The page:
Holi–also called Phagwa, Dhulandi or Dhulendi–is a popular Hindu festival celebrated usually in March, sometimes in late February when it is the end of the winter season on the last full moon day of the lunar month Phalgun or Phalgun Purnima. Outside India, it is celebrated by the Indian diaspora populations of Surinam, Guyana, Trinidad and Tobago, South Africa, Malaysia, Mauritius, and Fiji. The festival was brought to these countries mainly by the indentured laborers from India. In the diaspora countries the festival is still celebrated with some traditional rituals, feelings of love and togetherness. In Trinidad and Tobago and Guyana, people celebrate with singing of chowal and visit friends and relatives to play Phagwa.
Like all Indian festivals, Holi has a deeper spiritual meaning than the mere rituals, customs and celebrations of today which itself has undergone changes with time. According to legend, there lived a demon-king named Hiranyakashyapu. He was very proud of himself. He had received a boon that no human being would be able to kill him and that he would die neither in the night nor in the day. This inflated his ego. He thought that no one would be able to do him any physical harm and that he was immortal and was, therefore, himself Supreme God.
The arrogance and self-conceit of Hiranyakashyapu made him treat others cruelly and persecute those who do not consider him to be God but professed their faith in God the Supreme Soul who, to them, was eternally beyond birth and death and was transcendental in His nature. Hiranyakashyapu’s own son, Prahlad, also did not regard him as God. Hiranyakashyapu told Prahlad that there was no God except him. But Prahlad did not deviate from his deep convictions. Hiranyakashyapu first threatened and then persecuted Prahlad very cruelly. The legend says that he had him thrown from a hilltop but Prahlad was not harmed.
Frustrated with the results of his nefarious plans of torture, Hiranyakashyapu, one day, asked his sister Holika to take Prahlad in her lap and set fire to herself. The story says that Holika herself had a divine boon that fire would not burn her. Hiranyakashyapu had, therefore, conspired with Holika to set herself aflame hoping that Prahlad would be burnt to death and Holika would survive. The reverse happened. Holika was eaten up by the flames of fire whereas Prahlad was left untouched. As a commemoration of this event, people burn Holika every year.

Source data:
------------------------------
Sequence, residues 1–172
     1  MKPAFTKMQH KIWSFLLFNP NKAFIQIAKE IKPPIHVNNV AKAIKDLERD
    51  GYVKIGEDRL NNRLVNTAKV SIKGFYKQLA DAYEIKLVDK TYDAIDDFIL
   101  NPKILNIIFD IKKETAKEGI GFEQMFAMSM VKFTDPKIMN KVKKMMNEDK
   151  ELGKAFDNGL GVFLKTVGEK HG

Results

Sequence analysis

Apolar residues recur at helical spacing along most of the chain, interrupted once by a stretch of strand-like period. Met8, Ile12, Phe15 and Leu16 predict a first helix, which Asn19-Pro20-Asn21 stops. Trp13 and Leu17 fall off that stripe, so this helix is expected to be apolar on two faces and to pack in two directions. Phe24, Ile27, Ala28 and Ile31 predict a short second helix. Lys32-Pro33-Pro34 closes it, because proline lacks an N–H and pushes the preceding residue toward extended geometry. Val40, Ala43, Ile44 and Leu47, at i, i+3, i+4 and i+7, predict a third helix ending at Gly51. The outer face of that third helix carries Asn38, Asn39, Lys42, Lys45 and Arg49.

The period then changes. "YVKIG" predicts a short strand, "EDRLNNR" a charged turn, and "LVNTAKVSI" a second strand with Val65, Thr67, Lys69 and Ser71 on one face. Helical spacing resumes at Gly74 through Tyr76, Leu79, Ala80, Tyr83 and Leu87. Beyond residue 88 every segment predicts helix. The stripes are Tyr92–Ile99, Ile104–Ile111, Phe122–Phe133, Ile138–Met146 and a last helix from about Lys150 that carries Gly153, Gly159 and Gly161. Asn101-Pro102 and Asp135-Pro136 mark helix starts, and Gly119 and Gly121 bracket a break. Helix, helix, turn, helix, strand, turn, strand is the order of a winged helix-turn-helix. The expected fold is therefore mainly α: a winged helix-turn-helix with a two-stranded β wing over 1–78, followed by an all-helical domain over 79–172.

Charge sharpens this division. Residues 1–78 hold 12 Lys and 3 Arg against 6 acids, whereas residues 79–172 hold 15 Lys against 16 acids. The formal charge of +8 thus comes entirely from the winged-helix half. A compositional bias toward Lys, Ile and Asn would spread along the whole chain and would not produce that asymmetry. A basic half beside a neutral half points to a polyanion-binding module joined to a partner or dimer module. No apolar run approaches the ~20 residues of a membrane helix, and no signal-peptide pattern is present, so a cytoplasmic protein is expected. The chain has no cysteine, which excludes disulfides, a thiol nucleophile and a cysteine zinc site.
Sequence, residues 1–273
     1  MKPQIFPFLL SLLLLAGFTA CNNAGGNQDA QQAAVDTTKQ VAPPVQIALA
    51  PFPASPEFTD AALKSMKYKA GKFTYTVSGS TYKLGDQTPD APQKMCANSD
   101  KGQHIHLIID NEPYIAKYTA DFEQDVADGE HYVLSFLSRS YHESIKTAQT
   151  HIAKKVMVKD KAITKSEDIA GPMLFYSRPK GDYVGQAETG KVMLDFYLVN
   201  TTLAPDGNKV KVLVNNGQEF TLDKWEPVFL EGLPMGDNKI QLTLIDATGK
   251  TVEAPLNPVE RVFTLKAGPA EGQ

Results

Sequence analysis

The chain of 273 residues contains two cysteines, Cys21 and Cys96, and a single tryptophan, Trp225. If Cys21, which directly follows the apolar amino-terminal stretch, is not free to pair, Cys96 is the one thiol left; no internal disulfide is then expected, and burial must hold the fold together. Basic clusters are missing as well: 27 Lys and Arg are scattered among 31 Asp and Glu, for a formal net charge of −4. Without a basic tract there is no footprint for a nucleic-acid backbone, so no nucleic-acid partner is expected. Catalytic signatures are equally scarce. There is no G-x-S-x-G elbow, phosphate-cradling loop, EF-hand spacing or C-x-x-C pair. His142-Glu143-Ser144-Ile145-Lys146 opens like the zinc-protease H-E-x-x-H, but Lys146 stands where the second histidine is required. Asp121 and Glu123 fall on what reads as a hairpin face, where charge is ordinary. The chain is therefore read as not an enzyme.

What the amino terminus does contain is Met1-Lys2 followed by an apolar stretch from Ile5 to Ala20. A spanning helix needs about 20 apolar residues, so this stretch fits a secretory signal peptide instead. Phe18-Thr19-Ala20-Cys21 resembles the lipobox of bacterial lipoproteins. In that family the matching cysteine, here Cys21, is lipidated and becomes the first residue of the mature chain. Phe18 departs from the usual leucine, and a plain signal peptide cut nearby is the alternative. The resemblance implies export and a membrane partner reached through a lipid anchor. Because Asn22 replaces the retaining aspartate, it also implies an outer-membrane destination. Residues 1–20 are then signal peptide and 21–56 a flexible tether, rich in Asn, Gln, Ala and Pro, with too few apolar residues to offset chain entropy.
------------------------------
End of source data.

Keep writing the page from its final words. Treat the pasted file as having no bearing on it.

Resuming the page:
The story of Prahlad’s persecution did not end with Holika’s demise. Hiranyakashyapu ordered that an iron pillar be heated red-hot. He then said challengingly to Prahlad, “If there is a God as you say, go and embrace this pillar. Let me see if your God comes to your rescue. I am sure that there is no other God except me and I wish you to learn this lesson or be burnt to death.” It was a test for Prahlad. The story says that Prahlad saw an ant going up that red-hot pillar in quite a normal way. He, therefore, thought that if an ant could walk on that pillar without getting burnt, he also could embrace it. Accordingly, he walked towards the pillar and, without any fear, embraced it. He was unburnt. In fact, he did not even have any sensation of heat from the pillar.
According to the legend, it is said that God came out of that pillar in the form of a half-man-half-lion named Nar-Simha (nara-man, simha-lion) who killed Hiranyakashyapu . At that time of this episode, it was neither morning nor night but twilight, and God did not have the form of a man, and so the boon of Hiranyakashyapu was not violated. The story implies that Prahlad had unmitigable faith in God due to which he was saved despite persecution and acts of torture inflicted by Hiranyakashyapu.
The story of the bonfire of Holika should remind one of the moral lesson that even a small boy emerges safe and victorious surmounting all hurdles with the help of unflinching faith in God whereas a person feeling vainly proud of some occult power faces untimely death and unhappy consequences.